Practice Makes Perfect for Nest-Building Weavers

October 4, 2011 by  
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It has long been assumed that the nest building skills of birds are instinctive, but new research has revealed that building a nest could very well be a learned skill. Following and filming the activities of male Southern Masked Weavers in Botswana over a period of three months, researchers noted that not all nests are created equal. As the name of the bird suggests, Southern Masked Weavers use a weaving technique when constructing their nests from local grasses. However, the method of nest building varied between birds with some weaving from left to right and others weaving from right to left. It was also noted that they appeared to learn from their mistakes, and while a bird may regularly drop blades of grass when it first starts its nest building process, it soon learns to adjust its technique to prevent this.

The brightly colored African bird was chosen as the test subject for the study for a number of reasons. Their complex nests which hang from trees either as single units or multiple intertwined condominiums are seen as evidence of above average intelligence. Also, a single bird will build several nests in a season, allowing the research team to note the differences in nests built by the same bird.

Working with scientists from Botswana, researchers from the universities of St Andrews, Edinburgh and Glasgow noted that the fact that the Southern Masked Weaver birds displayed marked variations in their approach to nest building reveals that they may learn from experience. At this point, however, it is not clear whether they have the mental capacity to learn, or their improvement in skills can be attributed to repetition of a task. Researchers also pointed out that observing this behavior in one bird species does not imply that it would apply to all birds. One of the scientists taking part in the study, Dr. Patrick Walsh of Edinburgh University’s School of Biological Sciences, noted that if birds built their nests instinctively according to a genetic template, it would follow that all birds would build all their nests in the same way every time, but this has not been the case. Summing it up nicely, Dr. Walsh was reported as saying: “Even for birds, practice makes perfect.”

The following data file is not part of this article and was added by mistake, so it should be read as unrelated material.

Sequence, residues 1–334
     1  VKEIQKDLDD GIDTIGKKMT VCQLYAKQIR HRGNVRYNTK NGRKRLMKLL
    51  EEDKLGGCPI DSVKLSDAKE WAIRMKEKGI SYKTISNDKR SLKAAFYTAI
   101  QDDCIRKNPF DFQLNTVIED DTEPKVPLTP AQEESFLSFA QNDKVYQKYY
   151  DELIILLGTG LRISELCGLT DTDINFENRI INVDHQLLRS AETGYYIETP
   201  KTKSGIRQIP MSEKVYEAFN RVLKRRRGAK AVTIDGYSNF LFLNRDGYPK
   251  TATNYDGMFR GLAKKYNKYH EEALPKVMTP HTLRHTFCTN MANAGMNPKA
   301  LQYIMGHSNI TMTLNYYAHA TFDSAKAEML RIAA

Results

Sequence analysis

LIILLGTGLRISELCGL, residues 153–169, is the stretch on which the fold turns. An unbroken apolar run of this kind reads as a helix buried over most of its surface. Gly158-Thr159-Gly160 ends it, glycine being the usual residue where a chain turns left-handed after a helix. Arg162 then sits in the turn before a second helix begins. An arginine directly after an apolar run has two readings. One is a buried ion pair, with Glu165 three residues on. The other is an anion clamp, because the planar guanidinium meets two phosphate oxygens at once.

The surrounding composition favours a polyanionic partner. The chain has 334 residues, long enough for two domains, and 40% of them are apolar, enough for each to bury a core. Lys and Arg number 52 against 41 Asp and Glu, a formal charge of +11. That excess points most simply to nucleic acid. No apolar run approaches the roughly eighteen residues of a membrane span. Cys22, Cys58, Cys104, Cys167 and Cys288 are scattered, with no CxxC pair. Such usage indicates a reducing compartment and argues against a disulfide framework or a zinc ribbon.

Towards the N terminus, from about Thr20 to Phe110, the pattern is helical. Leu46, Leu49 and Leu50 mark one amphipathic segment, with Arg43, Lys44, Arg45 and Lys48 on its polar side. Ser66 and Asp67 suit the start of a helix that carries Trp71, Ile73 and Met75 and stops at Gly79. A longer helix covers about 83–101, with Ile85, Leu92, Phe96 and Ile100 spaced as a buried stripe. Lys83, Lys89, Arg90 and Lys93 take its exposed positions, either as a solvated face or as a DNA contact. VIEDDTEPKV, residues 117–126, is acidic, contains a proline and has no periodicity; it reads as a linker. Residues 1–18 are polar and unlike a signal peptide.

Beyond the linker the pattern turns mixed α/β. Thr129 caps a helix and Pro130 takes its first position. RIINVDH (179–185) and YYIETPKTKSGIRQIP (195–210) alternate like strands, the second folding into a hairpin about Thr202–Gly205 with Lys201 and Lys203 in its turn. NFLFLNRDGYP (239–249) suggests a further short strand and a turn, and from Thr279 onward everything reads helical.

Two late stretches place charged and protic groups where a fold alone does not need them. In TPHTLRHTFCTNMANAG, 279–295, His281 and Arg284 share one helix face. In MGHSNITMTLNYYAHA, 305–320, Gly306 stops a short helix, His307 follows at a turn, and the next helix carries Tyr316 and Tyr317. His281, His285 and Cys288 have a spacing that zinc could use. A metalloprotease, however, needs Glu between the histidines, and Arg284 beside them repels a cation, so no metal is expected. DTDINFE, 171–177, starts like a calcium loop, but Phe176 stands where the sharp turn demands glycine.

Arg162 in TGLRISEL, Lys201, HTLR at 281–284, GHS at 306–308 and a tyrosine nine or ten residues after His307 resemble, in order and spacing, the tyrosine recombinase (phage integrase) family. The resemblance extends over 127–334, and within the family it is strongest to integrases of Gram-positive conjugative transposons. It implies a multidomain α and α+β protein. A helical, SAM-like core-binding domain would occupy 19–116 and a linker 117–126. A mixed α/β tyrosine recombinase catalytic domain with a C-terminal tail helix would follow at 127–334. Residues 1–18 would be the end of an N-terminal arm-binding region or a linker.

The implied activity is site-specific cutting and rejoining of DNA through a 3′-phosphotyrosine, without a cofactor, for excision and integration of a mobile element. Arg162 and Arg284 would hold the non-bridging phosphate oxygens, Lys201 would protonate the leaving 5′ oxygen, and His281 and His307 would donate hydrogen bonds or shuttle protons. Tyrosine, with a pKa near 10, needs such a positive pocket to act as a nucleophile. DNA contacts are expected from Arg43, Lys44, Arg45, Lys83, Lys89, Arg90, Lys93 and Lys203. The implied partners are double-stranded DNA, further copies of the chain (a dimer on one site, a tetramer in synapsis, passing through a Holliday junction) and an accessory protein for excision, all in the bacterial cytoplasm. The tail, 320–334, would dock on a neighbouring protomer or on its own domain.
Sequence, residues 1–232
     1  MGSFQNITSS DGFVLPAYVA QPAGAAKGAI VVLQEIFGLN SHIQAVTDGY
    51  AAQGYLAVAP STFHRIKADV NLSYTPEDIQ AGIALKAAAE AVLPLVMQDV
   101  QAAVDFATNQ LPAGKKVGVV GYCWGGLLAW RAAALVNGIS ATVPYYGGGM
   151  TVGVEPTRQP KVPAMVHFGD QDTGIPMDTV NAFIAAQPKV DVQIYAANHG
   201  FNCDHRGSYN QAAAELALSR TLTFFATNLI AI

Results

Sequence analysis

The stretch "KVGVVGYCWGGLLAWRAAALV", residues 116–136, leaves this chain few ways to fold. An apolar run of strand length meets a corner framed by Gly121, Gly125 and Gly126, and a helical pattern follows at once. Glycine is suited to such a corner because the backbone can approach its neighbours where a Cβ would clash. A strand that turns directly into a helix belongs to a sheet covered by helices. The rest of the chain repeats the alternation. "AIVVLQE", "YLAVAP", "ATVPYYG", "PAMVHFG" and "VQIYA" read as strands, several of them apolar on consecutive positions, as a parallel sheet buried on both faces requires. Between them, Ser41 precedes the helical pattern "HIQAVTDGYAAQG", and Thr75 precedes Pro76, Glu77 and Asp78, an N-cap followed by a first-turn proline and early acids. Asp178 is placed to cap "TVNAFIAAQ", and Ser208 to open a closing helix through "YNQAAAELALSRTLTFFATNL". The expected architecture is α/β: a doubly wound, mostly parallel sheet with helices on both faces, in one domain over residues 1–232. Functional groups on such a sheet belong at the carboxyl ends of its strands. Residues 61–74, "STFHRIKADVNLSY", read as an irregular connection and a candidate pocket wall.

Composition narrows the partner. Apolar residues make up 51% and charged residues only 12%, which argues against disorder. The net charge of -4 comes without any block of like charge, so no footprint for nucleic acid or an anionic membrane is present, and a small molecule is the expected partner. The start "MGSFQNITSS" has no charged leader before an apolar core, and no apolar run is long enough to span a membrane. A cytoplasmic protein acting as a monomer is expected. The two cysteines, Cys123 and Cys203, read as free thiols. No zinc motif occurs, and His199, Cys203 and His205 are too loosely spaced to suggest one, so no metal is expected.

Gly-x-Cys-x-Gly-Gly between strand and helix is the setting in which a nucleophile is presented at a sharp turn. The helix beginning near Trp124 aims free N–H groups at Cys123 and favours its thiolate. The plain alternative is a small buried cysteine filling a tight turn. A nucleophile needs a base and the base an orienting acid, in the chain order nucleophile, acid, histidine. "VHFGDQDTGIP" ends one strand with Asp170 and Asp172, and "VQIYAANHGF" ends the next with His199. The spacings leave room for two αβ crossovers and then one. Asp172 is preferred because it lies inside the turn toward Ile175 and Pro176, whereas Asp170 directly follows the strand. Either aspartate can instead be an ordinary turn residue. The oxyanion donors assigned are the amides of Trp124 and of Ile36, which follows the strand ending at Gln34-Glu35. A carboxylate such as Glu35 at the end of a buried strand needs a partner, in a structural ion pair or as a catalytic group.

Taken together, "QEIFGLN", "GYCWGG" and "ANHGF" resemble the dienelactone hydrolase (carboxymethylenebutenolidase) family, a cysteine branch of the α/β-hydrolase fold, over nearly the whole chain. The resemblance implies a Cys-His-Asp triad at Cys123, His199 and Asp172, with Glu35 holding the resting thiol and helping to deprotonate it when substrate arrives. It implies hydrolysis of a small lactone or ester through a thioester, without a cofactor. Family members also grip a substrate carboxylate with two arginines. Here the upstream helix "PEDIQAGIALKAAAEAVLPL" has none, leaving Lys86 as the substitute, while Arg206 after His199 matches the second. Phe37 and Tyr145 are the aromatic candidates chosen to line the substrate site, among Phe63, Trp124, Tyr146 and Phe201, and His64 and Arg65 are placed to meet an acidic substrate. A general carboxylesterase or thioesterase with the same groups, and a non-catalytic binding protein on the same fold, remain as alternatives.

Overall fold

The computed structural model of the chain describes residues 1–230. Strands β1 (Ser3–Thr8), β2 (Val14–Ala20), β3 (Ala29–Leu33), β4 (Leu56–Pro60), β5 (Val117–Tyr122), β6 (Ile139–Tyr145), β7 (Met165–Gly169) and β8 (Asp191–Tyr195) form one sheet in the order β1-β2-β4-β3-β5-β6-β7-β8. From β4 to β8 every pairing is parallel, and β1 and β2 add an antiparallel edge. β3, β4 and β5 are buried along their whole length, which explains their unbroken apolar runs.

Garden Birds

February 9, 2009 by  
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Garden birds come in large varieties and knowing a bit more about them will make watching them that much more interesting. To identify garden birds in your area use a region specific garden bird guide. For example if you are living in Britain, use a British bird field guide.

The most common garden birds you will find are of the passerine group. Passerines are perching birds and song birds which have three toes pointing forward and one pointing back. Passerines that are commonly seen in gardens include sparrows, thrushes, mynahs, crows, wagtails, chaffinches, goldfinches, magpies, starlings, bulbuls, weavers and more. Weaver’s nests are often easily spotted hanging from the outer branches of trees. It is fascinating to watch the male hard at work building his nest. Thrushes can often be seen darting around under bushes in search of insects. Beware of magpies as they are known as the kleptomaniacs of the avian world. Details on specific garden bird species can be found in a good field guide.

The other group of garden birds are the non-passerines. These are non-perching birds. Non-passerines that may be spotted in the garden are pigeons, doves, woodpeckers, hoopoes, parrot species, swifts, owls, cuckoos, lapwings, various smaller birds of prey and so on. Obviously the size of your property will determine the types of garden birds that will be seen. Doves and pigeons will probably be the most likely species of non-passerine that you will see as they often frequent garden bird feeders.

Garden birds can be enticed to your garden by a ready supply of food, bearing in mind that different species have different preferences. Likewise, many bird feeders are available to attract various types of birds, and a bird bath is always a welcome addition to a garden. By providing such accessories you will open up a delightful opportunities to view and identify birds in your own garden.